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Mike Bartlett’s modest dramaArtefacts, in town as part of the Brits Off Broadway festival, peers into the abyss of post-war Iraq society through the eyes of the aptly named Kelly, an indifferent English teenager played with nervy brio by Lizzy Watts. Kelly’s ordinary life with her single mom (Karen Ascoe) is upended by the sudden appearance of the father she never knew, an erudite Iraqi named Ibrahim (Peter Polycarpou) who runs the National Museum of Baghdad. Ibrahim has just an absurd ten minutes to introduce himself before catching a flight back to his war-torn home, but the eventful encounter climaxes when Kelly callously smashes his reconciliation gift: a priceless Mesopotamian vase he “borrowed” from the museum.

Kelly wants nothing to do with him, even after learning that her mother has been hiding the heartfelt letters he sent over the years. But when the strife in Baghdad engulfs Ibraham’s family, Kelly’s latent righteousness rises to the fore, and the story follows her to Iraq with the remnants of the ancient artifact, which is needed to pay a ransom. To his horror, Ibrahim finds that she’s tried to reassemble it with Superglue, and in an exchange that neatly sums up Bartlett’s premise, he bitterly asks Kelly, “The British make good glue, don’t they?” When she answers yes, he retorts, “Because they are always breaking things.”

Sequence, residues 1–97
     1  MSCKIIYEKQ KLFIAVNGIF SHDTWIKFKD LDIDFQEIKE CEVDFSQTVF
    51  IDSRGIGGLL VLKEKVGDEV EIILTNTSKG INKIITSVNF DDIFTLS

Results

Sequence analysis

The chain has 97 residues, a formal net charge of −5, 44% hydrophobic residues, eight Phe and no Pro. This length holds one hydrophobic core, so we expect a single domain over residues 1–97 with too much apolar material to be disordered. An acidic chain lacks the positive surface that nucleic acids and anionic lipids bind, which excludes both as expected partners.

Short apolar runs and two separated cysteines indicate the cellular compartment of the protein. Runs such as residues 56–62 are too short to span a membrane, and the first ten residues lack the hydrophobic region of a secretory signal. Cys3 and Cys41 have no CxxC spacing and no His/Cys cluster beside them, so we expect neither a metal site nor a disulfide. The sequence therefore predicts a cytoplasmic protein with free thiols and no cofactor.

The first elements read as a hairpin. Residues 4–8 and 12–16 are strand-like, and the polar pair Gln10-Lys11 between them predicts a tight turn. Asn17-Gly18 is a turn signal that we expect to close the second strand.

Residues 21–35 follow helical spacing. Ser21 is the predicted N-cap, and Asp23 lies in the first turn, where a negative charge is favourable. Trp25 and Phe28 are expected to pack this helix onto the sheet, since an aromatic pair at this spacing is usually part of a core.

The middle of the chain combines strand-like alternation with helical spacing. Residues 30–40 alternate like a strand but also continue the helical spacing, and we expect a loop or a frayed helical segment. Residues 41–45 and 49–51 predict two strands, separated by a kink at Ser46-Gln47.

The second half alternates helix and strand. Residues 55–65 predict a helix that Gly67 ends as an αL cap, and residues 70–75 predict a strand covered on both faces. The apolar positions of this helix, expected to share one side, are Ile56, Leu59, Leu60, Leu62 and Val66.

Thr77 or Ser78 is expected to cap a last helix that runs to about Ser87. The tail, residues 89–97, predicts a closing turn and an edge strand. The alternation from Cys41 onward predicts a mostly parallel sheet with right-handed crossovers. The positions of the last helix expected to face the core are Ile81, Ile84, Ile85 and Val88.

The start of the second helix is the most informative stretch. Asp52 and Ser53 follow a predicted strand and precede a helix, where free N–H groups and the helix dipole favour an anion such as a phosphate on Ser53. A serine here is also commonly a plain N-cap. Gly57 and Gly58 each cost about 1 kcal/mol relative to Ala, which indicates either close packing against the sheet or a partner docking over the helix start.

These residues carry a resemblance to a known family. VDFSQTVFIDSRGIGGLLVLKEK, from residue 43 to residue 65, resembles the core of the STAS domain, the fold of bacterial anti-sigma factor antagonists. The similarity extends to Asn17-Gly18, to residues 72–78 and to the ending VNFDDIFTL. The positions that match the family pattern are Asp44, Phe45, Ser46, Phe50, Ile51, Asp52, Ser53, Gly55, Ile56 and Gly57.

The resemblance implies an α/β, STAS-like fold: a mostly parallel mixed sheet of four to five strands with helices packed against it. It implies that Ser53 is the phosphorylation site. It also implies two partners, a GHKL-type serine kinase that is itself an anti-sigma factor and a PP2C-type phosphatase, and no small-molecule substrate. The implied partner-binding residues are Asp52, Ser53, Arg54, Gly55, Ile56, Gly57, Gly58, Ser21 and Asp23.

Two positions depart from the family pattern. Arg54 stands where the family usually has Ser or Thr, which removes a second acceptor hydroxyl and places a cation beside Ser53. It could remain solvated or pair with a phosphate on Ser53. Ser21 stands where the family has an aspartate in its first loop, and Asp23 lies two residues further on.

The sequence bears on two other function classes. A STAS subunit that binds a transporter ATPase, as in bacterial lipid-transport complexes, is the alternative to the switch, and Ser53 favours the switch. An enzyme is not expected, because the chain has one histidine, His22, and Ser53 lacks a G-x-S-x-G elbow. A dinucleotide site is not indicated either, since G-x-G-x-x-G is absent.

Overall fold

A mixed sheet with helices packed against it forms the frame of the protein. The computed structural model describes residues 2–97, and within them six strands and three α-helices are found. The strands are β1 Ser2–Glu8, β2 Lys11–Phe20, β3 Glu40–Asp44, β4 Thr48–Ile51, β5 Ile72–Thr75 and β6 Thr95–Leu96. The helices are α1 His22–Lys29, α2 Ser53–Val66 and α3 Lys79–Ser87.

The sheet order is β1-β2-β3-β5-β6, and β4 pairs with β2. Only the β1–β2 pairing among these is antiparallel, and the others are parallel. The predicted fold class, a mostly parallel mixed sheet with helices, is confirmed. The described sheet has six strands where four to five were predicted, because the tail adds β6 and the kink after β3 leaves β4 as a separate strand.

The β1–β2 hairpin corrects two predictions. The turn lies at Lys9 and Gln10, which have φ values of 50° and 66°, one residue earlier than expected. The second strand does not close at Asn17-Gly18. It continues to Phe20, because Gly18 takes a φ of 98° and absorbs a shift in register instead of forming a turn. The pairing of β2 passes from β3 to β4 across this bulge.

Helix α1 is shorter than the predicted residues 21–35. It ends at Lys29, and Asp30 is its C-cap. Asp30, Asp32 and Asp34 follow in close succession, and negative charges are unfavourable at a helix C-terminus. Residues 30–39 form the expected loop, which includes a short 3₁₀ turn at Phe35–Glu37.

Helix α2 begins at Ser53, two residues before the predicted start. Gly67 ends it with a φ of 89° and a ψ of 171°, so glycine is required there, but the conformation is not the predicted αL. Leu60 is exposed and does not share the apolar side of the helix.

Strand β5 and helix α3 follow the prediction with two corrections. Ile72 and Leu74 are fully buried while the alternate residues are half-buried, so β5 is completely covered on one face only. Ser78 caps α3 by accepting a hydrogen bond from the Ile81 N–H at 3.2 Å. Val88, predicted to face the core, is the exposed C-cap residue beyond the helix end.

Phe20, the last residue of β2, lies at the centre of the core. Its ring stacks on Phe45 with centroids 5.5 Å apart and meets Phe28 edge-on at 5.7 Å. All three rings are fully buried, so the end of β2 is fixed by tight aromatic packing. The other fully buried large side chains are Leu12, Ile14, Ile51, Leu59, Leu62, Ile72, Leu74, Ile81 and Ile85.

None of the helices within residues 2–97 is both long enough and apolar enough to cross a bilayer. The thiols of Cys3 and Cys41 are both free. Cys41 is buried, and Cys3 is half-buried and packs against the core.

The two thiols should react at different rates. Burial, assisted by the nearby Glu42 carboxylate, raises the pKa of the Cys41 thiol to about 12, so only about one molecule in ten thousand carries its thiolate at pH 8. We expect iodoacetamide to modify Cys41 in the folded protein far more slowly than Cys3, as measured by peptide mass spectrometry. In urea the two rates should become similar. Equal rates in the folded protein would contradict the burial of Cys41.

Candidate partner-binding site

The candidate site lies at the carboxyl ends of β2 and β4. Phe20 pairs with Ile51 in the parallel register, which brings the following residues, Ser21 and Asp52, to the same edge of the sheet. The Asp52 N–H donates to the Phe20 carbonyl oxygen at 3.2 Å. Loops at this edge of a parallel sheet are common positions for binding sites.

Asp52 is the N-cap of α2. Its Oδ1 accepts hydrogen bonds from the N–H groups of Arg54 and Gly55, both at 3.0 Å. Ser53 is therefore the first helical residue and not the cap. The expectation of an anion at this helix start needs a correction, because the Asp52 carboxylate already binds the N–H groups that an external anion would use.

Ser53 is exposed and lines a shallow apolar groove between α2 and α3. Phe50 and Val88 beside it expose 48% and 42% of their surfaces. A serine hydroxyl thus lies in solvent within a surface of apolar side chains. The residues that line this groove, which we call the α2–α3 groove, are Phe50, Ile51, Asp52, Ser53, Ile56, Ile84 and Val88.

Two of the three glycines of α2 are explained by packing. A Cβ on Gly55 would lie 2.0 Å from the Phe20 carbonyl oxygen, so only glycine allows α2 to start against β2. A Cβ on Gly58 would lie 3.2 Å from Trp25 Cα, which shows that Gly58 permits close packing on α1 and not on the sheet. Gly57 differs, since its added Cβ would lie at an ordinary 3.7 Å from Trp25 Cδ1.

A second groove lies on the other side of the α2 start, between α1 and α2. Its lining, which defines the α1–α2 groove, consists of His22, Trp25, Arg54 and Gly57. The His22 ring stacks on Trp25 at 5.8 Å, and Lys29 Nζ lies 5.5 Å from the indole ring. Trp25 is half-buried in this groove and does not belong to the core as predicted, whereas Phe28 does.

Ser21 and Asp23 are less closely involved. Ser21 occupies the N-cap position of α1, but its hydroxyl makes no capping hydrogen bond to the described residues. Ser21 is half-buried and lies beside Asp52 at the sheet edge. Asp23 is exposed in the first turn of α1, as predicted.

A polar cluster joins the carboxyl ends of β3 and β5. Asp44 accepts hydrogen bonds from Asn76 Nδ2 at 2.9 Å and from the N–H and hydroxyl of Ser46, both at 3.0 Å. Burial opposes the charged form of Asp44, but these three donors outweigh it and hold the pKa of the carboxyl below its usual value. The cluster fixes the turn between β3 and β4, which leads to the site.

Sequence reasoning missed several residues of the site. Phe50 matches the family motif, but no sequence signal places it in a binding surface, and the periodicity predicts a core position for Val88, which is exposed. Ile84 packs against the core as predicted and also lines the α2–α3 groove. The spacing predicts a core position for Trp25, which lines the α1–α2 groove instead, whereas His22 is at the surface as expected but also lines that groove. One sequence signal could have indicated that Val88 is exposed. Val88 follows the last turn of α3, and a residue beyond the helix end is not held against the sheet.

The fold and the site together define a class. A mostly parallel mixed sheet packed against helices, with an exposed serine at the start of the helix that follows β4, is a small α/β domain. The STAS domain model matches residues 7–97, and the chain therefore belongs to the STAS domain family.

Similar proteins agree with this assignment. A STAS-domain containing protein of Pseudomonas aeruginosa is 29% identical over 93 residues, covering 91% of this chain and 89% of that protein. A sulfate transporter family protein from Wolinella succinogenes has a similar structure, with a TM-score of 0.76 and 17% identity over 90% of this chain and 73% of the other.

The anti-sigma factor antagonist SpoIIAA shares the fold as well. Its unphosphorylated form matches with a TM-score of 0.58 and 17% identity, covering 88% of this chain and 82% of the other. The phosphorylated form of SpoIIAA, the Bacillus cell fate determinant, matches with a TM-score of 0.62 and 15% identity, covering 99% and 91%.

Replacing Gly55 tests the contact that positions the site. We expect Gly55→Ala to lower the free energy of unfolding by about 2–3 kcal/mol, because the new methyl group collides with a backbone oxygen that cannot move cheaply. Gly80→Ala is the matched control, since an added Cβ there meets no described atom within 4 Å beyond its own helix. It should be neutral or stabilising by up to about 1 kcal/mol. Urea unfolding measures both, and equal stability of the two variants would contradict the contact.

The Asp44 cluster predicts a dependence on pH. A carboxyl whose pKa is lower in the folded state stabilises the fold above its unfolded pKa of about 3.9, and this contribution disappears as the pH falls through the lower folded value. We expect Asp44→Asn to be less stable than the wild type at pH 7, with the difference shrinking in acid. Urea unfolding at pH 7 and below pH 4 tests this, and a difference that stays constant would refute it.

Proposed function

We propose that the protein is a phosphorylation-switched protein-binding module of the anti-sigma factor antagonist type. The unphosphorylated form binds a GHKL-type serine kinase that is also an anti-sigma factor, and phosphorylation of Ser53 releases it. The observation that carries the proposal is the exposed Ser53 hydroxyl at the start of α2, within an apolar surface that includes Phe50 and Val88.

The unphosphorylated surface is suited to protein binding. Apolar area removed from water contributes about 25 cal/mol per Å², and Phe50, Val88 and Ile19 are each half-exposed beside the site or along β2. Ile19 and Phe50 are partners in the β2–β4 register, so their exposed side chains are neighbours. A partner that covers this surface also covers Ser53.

If the story and symbolism sound a bit contrived, they are. But there is also an understated British elegance here, and what may on paper seem overwrought is delivered with a dignified mix of passion and reserve. Moodily staged in the round in a smoky room lined with charred Persian rugs, the superb cast deftly draws you into their snarled crises, where the link between the personal and the political can no longer be ignored. If Bartlett’s message is a bit too heavy handed at times, his lively ensemble saves Artefacts from cracking under its own weight.

Artefacts continues through June 8th at 59E59 Theaters [59 East 59th Street]. Tickets cost $37.50.

Photo courtesy Simon Annand